INDEPENDENT NEWS

Heather Roy's Diary

Published: Fri 3 Aug 2007 02:04 PM
Heather Roy's Diary
Child Abuse At the time of writing, Rotorua three-year-old Nia Glassie lies in a coma at Starship Children Hospital's Intensive Care Unit - her doctors having found it necessary yesterday to place her back on breathing support.
Following horrendous abuse - the full details of which are too distressing to repeat - Nia's outlook is uncertain, and she is unlikely to recover unscathed.
Let it suffice to say, however, that this defenceless girl's most serious injuries were caused by being placed in a tumble dryer and the dryer switched on - it appears her pain and humiliation provided entertainment for the people entrusted to her care, much in the same way that delinquent children torment animals.
Nia's family situation was precarious: her mother is 34, her stepfather 17. At the same house were two siblings (since removed), her stepfather's brother (21), his girlfriend (19) and his father. All but Nia's mother have so far been charged in relation to the abuse.
The reaction to Nia's case - hard on the heels of the killing of Wanganui two-year-old Jhia Te Tua, and a year after the death of the Kahui twins - has highlighted a serious lack of moral fibre in New Zealand society; while responses to Nia's abuse have been strident, they have largely been both predictable and useless:
* Prime Minister Helen Clark condemned the assault - and her condemnation was duly published, as though it were news
* Rotorua Mayor Kevin Winters urged everyone to become nosey neighbours, and was then joined by many others in labelling this a community problem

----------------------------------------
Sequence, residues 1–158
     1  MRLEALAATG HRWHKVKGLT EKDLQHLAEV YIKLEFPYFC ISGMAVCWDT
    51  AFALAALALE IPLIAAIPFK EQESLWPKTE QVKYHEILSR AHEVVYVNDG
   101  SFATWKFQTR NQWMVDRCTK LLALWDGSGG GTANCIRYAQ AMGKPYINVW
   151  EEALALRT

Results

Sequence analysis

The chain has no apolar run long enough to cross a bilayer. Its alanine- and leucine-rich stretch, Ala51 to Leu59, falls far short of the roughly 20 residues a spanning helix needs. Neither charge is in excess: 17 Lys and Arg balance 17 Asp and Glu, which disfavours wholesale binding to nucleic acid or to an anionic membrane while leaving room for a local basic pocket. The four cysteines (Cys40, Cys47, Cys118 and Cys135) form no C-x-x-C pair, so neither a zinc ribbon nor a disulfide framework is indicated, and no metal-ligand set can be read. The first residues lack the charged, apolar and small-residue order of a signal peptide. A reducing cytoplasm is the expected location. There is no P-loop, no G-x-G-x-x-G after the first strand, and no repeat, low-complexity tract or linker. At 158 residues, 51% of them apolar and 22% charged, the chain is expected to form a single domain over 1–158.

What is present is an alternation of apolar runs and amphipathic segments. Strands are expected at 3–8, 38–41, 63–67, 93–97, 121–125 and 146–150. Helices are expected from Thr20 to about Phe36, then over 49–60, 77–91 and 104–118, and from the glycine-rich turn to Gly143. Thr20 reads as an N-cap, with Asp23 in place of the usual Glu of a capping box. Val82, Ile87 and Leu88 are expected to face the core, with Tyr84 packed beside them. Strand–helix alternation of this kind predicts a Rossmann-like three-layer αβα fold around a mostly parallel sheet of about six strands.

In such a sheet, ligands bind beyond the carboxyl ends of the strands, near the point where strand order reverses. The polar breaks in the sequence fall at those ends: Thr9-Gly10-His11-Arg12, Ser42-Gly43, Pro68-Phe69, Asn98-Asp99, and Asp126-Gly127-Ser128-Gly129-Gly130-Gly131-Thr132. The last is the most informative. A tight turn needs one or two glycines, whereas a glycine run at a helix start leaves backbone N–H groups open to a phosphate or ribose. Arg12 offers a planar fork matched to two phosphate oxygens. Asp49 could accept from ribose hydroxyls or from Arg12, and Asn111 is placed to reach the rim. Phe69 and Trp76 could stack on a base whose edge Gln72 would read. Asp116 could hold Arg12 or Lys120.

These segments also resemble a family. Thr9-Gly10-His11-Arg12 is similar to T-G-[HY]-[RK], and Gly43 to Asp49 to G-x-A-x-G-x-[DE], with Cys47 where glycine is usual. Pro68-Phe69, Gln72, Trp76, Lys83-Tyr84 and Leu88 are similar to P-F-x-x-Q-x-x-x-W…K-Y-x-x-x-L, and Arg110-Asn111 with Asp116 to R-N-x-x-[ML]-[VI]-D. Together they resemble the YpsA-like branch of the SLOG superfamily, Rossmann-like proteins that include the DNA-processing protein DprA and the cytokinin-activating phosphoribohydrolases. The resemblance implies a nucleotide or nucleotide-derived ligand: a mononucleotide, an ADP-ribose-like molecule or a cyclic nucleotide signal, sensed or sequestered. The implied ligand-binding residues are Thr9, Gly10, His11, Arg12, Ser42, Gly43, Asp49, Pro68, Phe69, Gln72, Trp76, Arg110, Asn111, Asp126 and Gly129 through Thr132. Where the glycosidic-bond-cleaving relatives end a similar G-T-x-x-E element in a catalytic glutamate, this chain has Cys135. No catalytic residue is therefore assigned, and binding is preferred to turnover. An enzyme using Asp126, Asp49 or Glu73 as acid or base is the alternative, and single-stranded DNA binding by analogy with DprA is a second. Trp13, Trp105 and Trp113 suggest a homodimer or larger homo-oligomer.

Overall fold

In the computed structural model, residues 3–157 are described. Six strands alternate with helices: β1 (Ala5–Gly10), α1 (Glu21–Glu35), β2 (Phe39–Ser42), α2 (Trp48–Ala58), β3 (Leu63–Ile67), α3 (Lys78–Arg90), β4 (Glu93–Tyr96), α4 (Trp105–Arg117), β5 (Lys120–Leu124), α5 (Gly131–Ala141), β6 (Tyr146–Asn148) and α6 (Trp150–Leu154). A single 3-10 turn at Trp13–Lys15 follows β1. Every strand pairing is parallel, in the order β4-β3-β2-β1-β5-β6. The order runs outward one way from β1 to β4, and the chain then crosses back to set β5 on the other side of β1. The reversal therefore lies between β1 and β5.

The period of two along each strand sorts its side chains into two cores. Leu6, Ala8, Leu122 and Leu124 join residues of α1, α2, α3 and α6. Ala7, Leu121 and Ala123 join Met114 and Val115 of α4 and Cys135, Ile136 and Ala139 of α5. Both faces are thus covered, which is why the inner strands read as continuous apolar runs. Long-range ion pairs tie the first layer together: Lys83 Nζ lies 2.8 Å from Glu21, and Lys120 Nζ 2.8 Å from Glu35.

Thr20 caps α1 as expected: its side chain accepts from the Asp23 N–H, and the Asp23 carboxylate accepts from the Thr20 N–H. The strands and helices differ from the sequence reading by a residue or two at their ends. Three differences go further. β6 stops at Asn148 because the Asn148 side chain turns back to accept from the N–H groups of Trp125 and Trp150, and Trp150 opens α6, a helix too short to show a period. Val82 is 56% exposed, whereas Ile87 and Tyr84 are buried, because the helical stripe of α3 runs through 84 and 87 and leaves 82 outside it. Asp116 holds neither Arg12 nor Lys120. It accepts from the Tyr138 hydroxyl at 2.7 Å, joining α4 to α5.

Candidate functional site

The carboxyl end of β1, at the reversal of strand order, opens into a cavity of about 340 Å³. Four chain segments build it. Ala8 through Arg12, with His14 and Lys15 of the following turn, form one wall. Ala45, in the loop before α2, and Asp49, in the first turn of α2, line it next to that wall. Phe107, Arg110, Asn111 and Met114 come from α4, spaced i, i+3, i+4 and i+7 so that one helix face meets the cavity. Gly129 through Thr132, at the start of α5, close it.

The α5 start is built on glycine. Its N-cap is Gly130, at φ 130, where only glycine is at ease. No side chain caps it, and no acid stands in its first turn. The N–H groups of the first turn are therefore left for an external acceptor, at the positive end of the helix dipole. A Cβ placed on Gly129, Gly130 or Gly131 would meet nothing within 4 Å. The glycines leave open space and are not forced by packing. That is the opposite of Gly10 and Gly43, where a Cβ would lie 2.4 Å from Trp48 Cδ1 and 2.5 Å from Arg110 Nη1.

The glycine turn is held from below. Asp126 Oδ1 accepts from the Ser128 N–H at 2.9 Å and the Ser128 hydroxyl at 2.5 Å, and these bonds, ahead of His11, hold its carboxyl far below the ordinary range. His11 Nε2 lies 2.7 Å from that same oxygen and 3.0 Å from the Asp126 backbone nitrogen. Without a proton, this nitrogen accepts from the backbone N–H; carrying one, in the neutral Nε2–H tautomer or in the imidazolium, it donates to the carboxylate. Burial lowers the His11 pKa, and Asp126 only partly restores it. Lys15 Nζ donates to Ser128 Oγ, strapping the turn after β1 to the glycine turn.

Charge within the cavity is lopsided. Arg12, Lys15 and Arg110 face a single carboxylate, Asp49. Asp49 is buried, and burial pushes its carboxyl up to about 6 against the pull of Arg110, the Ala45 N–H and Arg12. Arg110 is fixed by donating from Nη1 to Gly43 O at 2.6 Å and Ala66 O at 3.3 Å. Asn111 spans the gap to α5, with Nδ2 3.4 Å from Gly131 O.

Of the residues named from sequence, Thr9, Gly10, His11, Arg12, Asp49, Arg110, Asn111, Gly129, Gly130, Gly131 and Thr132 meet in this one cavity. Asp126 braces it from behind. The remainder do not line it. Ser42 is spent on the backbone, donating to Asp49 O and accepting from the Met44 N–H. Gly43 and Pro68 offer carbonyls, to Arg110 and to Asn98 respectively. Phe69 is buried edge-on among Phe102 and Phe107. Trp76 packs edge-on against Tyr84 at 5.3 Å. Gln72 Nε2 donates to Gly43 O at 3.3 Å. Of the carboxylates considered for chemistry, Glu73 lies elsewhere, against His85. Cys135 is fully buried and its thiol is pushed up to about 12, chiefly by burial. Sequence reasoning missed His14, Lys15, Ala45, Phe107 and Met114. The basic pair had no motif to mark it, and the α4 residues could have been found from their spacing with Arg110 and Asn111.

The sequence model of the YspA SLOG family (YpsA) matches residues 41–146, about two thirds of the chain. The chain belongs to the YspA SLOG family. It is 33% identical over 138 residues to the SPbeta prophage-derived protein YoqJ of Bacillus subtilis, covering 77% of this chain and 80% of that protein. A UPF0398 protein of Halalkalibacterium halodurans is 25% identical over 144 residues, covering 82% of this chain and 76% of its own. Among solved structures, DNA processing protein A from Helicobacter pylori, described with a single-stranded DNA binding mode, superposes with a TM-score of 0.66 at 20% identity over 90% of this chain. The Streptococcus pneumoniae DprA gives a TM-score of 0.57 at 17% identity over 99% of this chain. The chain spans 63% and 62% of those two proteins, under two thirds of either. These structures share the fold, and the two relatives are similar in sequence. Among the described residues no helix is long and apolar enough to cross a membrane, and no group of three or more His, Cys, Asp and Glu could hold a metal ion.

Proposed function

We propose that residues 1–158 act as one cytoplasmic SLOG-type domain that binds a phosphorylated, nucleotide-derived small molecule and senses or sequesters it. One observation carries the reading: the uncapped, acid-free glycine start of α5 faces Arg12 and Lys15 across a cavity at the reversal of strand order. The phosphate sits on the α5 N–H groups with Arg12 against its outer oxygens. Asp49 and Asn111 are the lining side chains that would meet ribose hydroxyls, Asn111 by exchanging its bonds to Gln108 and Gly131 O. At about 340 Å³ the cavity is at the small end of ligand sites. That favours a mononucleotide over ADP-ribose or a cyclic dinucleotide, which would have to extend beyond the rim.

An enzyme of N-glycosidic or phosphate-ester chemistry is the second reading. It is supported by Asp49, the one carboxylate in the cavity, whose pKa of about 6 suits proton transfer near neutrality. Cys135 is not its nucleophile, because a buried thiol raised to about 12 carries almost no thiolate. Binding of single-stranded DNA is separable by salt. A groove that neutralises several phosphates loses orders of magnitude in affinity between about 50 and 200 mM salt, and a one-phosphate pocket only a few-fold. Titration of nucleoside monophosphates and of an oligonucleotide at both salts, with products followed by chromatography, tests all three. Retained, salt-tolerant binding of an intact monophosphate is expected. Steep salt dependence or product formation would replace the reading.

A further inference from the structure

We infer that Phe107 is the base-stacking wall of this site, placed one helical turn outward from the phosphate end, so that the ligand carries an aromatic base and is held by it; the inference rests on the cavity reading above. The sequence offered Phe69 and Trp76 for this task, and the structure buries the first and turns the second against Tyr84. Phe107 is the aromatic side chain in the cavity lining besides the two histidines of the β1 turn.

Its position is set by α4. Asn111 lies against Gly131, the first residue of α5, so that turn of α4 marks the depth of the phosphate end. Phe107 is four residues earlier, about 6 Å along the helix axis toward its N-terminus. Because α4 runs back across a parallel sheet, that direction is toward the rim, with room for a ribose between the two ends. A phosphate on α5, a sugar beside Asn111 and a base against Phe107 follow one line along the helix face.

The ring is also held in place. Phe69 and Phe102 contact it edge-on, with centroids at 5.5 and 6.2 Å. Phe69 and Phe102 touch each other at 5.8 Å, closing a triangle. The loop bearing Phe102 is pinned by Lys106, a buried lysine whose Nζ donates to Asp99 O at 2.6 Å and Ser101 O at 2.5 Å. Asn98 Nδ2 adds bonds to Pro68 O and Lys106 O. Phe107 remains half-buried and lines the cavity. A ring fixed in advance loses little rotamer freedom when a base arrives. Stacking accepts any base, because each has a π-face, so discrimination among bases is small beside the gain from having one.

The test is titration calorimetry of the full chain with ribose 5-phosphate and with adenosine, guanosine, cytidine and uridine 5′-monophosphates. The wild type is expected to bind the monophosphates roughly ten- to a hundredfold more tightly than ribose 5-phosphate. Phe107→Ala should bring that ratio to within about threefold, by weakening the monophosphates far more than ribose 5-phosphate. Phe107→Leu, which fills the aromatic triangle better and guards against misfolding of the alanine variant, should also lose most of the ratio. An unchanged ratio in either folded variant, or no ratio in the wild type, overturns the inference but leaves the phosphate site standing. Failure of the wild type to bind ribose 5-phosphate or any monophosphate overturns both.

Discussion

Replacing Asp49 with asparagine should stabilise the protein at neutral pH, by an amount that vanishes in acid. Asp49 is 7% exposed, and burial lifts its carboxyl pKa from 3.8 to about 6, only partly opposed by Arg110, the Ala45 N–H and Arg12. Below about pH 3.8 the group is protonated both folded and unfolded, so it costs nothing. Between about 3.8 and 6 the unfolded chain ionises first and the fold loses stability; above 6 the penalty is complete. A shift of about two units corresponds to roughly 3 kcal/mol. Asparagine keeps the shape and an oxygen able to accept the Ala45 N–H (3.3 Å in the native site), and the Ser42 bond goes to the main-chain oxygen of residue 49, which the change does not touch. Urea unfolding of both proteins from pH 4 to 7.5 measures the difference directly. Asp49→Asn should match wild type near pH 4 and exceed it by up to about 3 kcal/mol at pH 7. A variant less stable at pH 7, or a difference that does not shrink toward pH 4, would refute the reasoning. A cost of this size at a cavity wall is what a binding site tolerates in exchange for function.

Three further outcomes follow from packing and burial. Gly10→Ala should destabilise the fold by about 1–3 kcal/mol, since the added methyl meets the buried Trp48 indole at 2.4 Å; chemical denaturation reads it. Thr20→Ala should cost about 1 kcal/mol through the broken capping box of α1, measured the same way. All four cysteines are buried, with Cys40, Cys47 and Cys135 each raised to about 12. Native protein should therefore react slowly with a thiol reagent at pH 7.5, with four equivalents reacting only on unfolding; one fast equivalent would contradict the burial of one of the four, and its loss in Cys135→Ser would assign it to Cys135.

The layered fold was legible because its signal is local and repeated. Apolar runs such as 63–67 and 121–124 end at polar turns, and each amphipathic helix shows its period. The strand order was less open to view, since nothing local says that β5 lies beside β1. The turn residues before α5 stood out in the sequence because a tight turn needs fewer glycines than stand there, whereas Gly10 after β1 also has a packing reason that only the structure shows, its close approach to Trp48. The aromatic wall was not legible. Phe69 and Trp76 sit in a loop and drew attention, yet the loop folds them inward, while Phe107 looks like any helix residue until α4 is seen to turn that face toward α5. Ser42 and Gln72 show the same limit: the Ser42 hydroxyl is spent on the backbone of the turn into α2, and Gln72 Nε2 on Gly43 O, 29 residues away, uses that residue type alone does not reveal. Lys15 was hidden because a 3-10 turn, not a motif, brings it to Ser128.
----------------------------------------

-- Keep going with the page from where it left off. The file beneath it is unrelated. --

* United Future Leader blamed Maori: "It's time to stop pretending that the kind of child abuse suffered by Nia Glassie and the Kahui twins is not a Maori problem."
* Sociologists even blamed Rogernomics, as though it were permissible to take one's favourite hate object and blame it for all ills - apparently it isn't necessary, within social science, to engage the brain at all.
The responses to this case were so predictable that online news agency 'Scoop' produced an 'Outraged Media Release' template - an exercise in poor taste that, nevertheless, made the point that reactions to cruelty to infants and murders of children have become a ritual. It seems that, while no one expects change, it is important to give the appearance of action.
But action, not more platitudes and reports, is what is truly required. Real action, preceded by real thought - thinking on seemingly intractable problems may be painful, but there's no excuse for sloppy thinking when infants' lives are at stake.
The first point to note is that the problem of violence toward children is not confined to New Zealand - a recent UN report on child well-being in wealthy nations found that the US and UK ranked lowest with respect to the well-being of their children. Statistics from New Zealand were not considered of sufficient quality to be able to make a valid comparison and, overall, English-speaking countries generally don't seem to be doing very well.
The study also found child neglect and abuse to be more common in single-parent families than in those where both parents are present. Further, children living with a stepfather are 80 times more likely to be abused than those living with their biological father.